Walking back to the hotel, we were followed by two men who refused to pass us when I slowed and moved to the side. I turned and acknowledged them just to let them know I knew they were there. The one said casually, “I was just thinking about grabbing that ass” as he gestured in Kristina’s general direction. I channeled Janis’ take-no-shit N’awlins attitude and said, “Look, MISTER, Mardi Gras is OVER. You better straighten up and act right.” They rushed into Mother’s and we thought, “They don’t DESERVE Mothers.”

We went back to the hotel and put on our walking shoes for a foray through the Quarter. Really I was just biding time until I could eat again. We took a taxi to the Café Du Monde. Coincidentally, the taxi driver asked us if people had been behaving themselves around us. So we told him somewhat lightheartedly of Kristina’s groping and near-groping. At the end of the ride, the driver refused to take my money. I said, “We know it’s not locals. It’s stupid tourists. It’s not you.” He opened my door, and in this huge taxi driver’s eyes I saw such an infinite sadness, I threw my arms around him and we stood holding eachother in front of the Café Du Monde. He said, “God, we’re bonding.” I leaned back to look for sarcasm on his face and saw none at all.

The warm glow of the lights at the Café Du Monde and the gentle murmers of the crowd were calming and comforting. Everyone was relaxed in the quiet aftermath of Carnival.

We shopped for gifts, CDs and cookbooks, then headed over to Acme. I figured if the “Peacemaker” was truly meant to be brought home after a night of drinking, Acme must be open past 11pm. Who gets in trouble with their wife before 11pm? I was sadly mistaken. Or perhaps that story is apocryphal.

After 11 pm, it is as hard to find food on Bourbon street as it is easy to find alcohol. We were finally sent over to Déjà vu (no, it’s not a strip club, in spite of the name), a bar on Conti a few blocks up from Bourbon. Nice, cozy wooden benches. An “assorted” clientele of colorful characters. They had a good variety of beers, and the waitress was cool. I was hesitant to order seafood in a bar, though I had my heart set on a shrimp Po’Boy at Acme. I got pork chops, and they were outrageously good. The gravy was good. The potatoes were good. You just can’t get a bad meal in New Orleans.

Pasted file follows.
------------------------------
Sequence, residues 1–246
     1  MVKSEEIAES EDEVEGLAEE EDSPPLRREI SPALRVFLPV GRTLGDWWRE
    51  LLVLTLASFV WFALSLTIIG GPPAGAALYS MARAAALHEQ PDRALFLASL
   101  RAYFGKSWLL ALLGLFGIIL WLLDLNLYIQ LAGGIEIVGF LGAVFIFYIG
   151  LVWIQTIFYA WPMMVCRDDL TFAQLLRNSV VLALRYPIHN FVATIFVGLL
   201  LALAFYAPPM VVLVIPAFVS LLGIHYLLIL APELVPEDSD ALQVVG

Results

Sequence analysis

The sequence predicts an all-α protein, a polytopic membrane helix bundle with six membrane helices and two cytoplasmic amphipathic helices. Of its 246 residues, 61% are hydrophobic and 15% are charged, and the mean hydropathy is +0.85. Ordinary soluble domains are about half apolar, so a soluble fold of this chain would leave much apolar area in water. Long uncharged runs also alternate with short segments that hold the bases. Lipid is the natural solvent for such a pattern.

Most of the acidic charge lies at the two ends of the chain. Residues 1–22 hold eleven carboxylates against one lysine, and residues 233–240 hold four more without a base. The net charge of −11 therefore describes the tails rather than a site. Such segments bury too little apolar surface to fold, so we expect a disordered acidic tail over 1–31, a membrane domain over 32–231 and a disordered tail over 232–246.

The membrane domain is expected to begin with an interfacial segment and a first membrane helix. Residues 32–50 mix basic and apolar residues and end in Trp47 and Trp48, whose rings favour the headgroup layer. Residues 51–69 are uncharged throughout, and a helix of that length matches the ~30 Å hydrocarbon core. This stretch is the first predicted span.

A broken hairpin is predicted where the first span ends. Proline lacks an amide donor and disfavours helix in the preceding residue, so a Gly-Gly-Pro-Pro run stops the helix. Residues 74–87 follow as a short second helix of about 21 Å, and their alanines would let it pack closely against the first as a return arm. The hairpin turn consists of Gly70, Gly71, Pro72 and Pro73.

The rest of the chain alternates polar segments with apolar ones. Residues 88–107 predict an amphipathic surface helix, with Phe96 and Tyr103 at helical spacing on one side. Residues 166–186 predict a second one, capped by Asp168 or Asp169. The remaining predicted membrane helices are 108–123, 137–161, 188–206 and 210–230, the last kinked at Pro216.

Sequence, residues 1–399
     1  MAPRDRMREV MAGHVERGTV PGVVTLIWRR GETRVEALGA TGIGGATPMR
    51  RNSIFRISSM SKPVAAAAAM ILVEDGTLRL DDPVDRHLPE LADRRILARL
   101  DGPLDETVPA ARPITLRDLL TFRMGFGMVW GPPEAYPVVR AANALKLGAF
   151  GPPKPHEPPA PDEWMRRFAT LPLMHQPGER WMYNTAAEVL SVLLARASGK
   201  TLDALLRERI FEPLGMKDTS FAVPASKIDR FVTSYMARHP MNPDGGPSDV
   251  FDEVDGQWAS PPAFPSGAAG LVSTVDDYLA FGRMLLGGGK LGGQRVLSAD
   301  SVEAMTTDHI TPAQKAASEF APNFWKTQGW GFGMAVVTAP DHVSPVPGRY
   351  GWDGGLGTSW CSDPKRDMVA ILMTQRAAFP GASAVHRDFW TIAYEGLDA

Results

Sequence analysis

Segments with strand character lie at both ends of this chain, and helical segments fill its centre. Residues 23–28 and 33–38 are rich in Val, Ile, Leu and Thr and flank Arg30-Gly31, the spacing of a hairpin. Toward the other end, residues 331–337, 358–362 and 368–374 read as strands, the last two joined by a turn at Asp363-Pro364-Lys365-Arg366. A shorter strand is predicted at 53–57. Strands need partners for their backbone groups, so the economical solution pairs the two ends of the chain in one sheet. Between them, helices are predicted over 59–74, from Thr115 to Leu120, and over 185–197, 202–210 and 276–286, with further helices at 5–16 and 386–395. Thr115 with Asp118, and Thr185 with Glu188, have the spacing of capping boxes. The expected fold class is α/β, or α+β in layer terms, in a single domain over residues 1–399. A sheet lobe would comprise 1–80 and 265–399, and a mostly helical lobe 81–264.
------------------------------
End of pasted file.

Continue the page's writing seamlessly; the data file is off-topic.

So, for those of you in the Big Easy late at night, you have four
choices that I know of:

1. Camellia Grill…uptown where the streetcar stops. Way out there. Open til 3 am for Mardi Gras, open til 1 am.


2. Coops’ …on Decatur toward St Peters…across from Margaritaville..I have yet to ever find it closed.

3. Jumani …when the jukebox is turned down it’s not so bad. …Iberville a block down from Bourbon…they may close

around 3 am, but may not close at all

4. Déjà vu …Conti and Dauphine, 2 blocks up from Bourbon…24 hours

We had a scant few hours before we had to leave for the airport. Acme or Uglesich’s??? Uglesich’s or Acme??? The Sophie’s choice of Po’ Boys was driving me mad. Finally, since we were worried about missing the flight, and Kristina was still waxing romantic about her Ferdi, we made the rash decision to go back to Mother’s a second time.

I ordered a shrimp po’boy and red beans and rice. I knew their Po’boy couldn’t match Acme, but I hadn’t had a shrimp Po’Boy yet. I couldn’t leave town without having had a shrimp po’boy. Once again, I was proven wrong. The Po’boy was bursting with the most glorious pink, juicy shrimp I have ever had. I realized that every shrimp I have ever had in my life was overcooked.

About Kiki Maraschino

I like catfish. Sure, we all like catfish, but I think for me it is somehow deeper.